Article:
The Latest: Senate panel approves sick pay compromise

Markets Associated Press

The Latest on Rhode Island's debate over a paid sick leave mandate (all times local):

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6 p.m.

A Rhode Island senate panel has approved a compromise proposal that would require private sector employers to provide their workers with paid sick days.

The Senate Labor Committee voted 7-1 to approve the amended bill Wednesday. It now awaits consideration by the full Senate, as well as the state House of Representatives.

The original bill would have guaranteed seven days of sick pay, but the compromise version guarantees four days starting next year and five days by 2019. That's similar to what's offered in neighboring Massachusetts.

The compromise version also exempts small businesses with 10 or fewer employees. It would also exclude certain workers from the benefit, such as independent contractors or interns.

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Business groups had negotiated to scale back the mandate but remain opposed to some of the provisions.

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Corrects that Senate labor committee, not judiciary committee, passed the measure

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2:20 p.m.

Rhode Island State Police have investigated a threatening email sent to a state senator about her legislation that would guarantee paid sick days for private sector workers, but police don't plan on pressing charges.

The business owner whose email address was used for the message says it was hacked.

State Police Lt. Col. Joe Philbin said Wednesday that the email sent to Democratic state Sen. Maryellen Goodwin "didn't rise to the level of criminal charges."

The profanity-laced email sent Tuesday said small business owners are "extremely close to violent opposition."

The email came from an address belonging to Kevin Durfee, owner of George's of Galilee restaurant in Narragansett, but Durfee told The Associated Press on Wednesday that he didn't send it. He says it's an old email address he doesn't use anymore.

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10 a.m.

Line chefs and waiters who help power Rhode Island's food industry are at odds with business owners on legislation that would require private sector employers to provide paid days off when workers call in sick.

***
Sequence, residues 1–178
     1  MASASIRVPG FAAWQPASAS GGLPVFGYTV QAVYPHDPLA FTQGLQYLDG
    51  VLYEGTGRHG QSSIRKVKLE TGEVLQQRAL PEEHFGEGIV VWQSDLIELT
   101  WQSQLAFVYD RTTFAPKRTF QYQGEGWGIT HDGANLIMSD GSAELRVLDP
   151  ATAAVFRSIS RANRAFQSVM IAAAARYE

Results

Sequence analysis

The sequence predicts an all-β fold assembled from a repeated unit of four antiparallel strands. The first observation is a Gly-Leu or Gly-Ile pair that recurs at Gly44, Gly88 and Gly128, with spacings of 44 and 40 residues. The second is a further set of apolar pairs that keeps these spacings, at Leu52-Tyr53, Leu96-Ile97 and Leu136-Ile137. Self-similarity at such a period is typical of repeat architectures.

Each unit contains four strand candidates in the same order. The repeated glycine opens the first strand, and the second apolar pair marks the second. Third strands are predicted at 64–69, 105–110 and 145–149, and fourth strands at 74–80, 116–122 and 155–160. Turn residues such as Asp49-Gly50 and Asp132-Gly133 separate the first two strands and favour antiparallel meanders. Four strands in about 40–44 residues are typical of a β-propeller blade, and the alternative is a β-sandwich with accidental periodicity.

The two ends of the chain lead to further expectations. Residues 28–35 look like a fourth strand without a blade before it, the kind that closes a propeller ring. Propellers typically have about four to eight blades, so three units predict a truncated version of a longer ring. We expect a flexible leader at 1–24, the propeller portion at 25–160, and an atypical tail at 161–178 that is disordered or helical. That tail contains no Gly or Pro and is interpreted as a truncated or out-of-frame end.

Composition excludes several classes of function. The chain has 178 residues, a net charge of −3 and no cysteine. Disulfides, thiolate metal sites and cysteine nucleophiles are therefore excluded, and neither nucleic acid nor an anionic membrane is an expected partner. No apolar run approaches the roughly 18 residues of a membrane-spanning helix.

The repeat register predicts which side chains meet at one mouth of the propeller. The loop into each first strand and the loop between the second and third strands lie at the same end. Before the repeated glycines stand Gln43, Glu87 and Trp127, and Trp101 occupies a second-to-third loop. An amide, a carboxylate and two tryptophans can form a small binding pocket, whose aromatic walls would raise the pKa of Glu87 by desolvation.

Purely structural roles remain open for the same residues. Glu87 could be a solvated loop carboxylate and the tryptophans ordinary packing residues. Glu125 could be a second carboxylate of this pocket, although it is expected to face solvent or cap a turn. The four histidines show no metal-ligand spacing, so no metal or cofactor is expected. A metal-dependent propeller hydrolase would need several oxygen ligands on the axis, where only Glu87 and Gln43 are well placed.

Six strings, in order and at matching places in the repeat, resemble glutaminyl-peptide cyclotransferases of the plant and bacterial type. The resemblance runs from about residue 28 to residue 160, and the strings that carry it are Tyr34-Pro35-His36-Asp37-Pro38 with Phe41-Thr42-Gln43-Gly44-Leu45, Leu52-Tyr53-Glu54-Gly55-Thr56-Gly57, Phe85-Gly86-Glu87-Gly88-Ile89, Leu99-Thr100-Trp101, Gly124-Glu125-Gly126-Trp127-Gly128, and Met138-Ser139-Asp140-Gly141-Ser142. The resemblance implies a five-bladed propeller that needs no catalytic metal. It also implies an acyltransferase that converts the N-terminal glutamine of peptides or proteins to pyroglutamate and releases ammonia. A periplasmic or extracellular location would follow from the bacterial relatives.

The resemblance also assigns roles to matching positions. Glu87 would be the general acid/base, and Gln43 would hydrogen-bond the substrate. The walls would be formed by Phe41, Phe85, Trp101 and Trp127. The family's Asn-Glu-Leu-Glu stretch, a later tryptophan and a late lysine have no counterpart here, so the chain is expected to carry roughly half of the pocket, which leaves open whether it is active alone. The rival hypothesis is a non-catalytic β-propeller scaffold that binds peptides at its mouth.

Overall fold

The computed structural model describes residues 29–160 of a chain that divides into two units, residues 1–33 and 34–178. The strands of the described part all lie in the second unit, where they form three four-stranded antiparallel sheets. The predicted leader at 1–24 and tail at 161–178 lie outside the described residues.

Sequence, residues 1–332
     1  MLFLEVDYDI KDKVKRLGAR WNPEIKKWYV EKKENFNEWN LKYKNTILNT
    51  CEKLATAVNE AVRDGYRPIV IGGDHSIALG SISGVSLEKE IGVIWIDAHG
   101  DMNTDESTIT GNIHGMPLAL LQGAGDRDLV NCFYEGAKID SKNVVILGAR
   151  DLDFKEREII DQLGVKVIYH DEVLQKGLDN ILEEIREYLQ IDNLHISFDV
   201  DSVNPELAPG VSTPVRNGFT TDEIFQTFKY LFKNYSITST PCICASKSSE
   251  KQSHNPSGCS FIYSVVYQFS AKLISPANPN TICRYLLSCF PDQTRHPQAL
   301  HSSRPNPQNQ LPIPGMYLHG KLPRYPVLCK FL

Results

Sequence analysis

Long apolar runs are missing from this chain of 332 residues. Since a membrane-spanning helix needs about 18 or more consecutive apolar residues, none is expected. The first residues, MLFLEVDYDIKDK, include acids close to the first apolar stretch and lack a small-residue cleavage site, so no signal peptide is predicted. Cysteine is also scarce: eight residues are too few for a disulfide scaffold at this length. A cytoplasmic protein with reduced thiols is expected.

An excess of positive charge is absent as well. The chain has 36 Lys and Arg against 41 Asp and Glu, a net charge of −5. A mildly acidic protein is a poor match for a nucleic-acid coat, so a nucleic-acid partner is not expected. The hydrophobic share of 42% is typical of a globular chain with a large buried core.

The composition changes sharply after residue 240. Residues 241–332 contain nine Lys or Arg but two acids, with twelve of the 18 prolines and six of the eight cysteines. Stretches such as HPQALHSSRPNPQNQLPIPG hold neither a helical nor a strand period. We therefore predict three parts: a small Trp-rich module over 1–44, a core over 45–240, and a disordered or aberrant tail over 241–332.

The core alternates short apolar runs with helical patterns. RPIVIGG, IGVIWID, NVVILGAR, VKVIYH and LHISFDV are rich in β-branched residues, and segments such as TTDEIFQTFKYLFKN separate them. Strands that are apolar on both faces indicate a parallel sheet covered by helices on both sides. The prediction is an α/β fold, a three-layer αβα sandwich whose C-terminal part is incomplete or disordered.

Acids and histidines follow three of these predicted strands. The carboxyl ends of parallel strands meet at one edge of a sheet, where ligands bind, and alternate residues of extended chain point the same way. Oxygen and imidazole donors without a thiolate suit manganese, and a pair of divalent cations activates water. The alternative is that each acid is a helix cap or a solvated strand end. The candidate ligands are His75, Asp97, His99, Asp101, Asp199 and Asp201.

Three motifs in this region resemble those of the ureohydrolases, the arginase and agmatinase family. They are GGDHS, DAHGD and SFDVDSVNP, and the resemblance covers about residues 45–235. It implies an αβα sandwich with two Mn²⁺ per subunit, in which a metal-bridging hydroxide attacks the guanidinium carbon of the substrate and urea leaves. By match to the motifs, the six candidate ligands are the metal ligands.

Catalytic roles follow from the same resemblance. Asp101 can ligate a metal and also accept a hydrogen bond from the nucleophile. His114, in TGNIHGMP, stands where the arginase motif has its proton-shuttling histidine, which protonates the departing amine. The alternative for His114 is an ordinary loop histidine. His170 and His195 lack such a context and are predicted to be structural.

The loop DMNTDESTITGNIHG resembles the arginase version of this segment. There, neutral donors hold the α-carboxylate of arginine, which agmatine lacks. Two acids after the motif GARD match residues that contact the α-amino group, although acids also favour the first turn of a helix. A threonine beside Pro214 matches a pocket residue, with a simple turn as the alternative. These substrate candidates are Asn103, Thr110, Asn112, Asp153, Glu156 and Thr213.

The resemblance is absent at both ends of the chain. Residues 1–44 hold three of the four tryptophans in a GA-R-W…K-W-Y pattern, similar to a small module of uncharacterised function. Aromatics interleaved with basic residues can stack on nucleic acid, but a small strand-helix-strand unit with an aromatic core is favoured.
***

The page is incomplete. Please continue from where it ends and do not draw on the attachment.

Democratic state lawmakers have been negotiating with worker advocates and business groups over a scaled-back proposal similar to what's been adopted in other states and cities.

A panel of the Rhode Island Senate is scheduled to consider the compromise measure Wednesday.

The original legislation would have required employers to provide workers up to seven paid sick days to care for their own health or a family member's health. That could be dropped to five days, matching what's offered in neighboring Massachusetts and Connecticut.

Also being debated is an exemption for small business owners.

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12:20 a.m.

A proposal to guarantee paid sick days for Rhode Island's private sector workers is moving forward in the state General Assembly as worker advocates seek a compromise with business groups.

The Senate Labor Committee is scheduled to consider a compromise measure Wednesday.

It's not known if the panel will move the bill on to a vote in the full Senate. A companion bill is pending in the state House of Representatives.

Lawmakers have been negotiating over a scaled-back proposal.

The original legislation would have required employers to provide workers up to seven paid sick days to care for their own health or a family member's health. That could be dropped to five days, matching what's offered in Massachusetts and Connecticut.

Also being debated is an exemption for small business owners.